President Juan Manuel Santos on Friday accused his predecessor Alvaro Uribe of having been “very good friends” with paramilitaries active in Colombiay between the 1980s until during Uribe’s first term as president (2002-2006).
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The president made the comment in a radio interview two days before the elections that according to past polls are likely to see Santos enter a second round run-off with Oscar Ivan Zuluaga, who’s been campaigning with Uribe.
Preceding Santos’ latest accusation, analysts had already called the current election the “dirtiest” in recent history over ongoing verbal and legal attacks between Santos, and Uribe and his loyalists.
From friends to foes
Santos used to be defense minister under Uribe, but has increasingly fallen out with his former superior after his first election in 2010 when he appointed a number of Uribe’s political enemies into his cabinet.
Since then, Uribe and his supporters have criticized Santos, particularly after Santos began peace talks with the country’s largest rebel group, the FARC.
‘I wouldn’t be his puppet’
In the interview with national radio station Caracol, Santos claimed that the increased opposition of Uribe to his policies was because “I wouldn’t be his puppet, or follow his dictates and orders.”
According to Santos, he never betrayed Uribe as claimed by the former president and his followers. “No, I betrayed the corruption, the cronyism with the paramilitaries and the wiretaps” carried out by the since-defunct intelligence agency DAS while reporting to Uribe.
FACT SHEET: DAS wiretap scandal
Uribe ‘very good friends with the paramilitaries’
While “Uribistas” have denounced Santos for his attempts to negotiate peace with the FARC, the president took his most direct approach ever and accused of Uribe of having been “very good friends with the paramilitaries.”
Until two days before his election, the president refused to support ongoing accusations about Uribe and his proximity with the AUC, a paramilitary umbrella organization formed in 1997 to counter rebel groups like the FARC, but have since committed tens of thousands of human rights violations.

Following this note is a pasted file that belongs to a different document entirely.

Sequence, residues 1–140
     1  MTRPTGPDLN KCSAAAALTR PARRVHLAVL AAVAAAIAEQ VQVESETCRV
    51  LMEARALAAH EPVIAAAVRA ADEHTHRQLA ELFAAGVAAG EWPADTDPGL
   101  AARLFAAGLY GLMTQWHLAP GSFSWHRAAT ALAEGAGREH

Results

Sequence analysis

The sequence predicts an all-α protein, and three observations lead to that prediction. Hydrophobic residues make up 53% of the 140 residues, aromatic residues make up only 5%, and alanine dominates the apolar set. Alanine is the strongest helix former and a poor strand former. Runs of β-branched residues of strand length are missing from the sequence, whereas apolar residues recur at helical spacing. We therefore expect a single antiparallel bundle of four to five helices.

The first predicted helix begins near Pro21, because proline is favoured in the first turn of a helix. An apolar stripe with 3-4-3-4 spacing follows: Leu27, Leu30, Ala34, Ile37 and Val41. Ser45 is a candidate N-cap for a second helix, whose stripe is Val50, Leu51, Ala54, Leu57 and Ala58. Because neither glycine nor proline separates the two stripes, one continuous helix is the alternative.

Dozens of top government officials and congressmen elected in the 2002 and 2006 elections have since been sentenced for ties to the AUC and its member groups.
FACT SHEET: Parapolitics
Prosecutors have been investigating Uribe’s involvement in the foundation of one of the AUC’s paramilitary groups when he was governor of the Antioquia state. The investigation was opened after criminal charges were filed by socialist opposition and vociferous Uribe critic Congressmen Ivan Cepeda.
A few weeks ago, Cepeda left Santos “surprised enough, because there are specific accusations that show even closer ties,” the president said.
Santos announces ‘legal actions’ against Uribe
Santos even announced legal action against his predecessor over recent accusations made by Uribe that the president received $2 million in funneled drug money to compensate losses made in his 2010 campaign.
Uribe’s attorney has since admitted Uribe does not have evidence to support the accusations.
“This can not continue hanging in the air. This accusation can not remain unpunished,” said Santos.
“It can not be that a person who was president of the Republic, purely for political purposes makes such an … accusation and then doesn’t surrender evidence, said Santos.
- “Uribe ha sido muy amigo de los paramilitares”: Santos (Caracol Radio)
- Santos confirma que denunciará penalmente al expresidente Uribe (Caracol Radio)
- Audio of interview (Caracol Radio)
- Santos acusa a Uribe de haber sido “muy amigo de los paramilitares” (Minuto 30)
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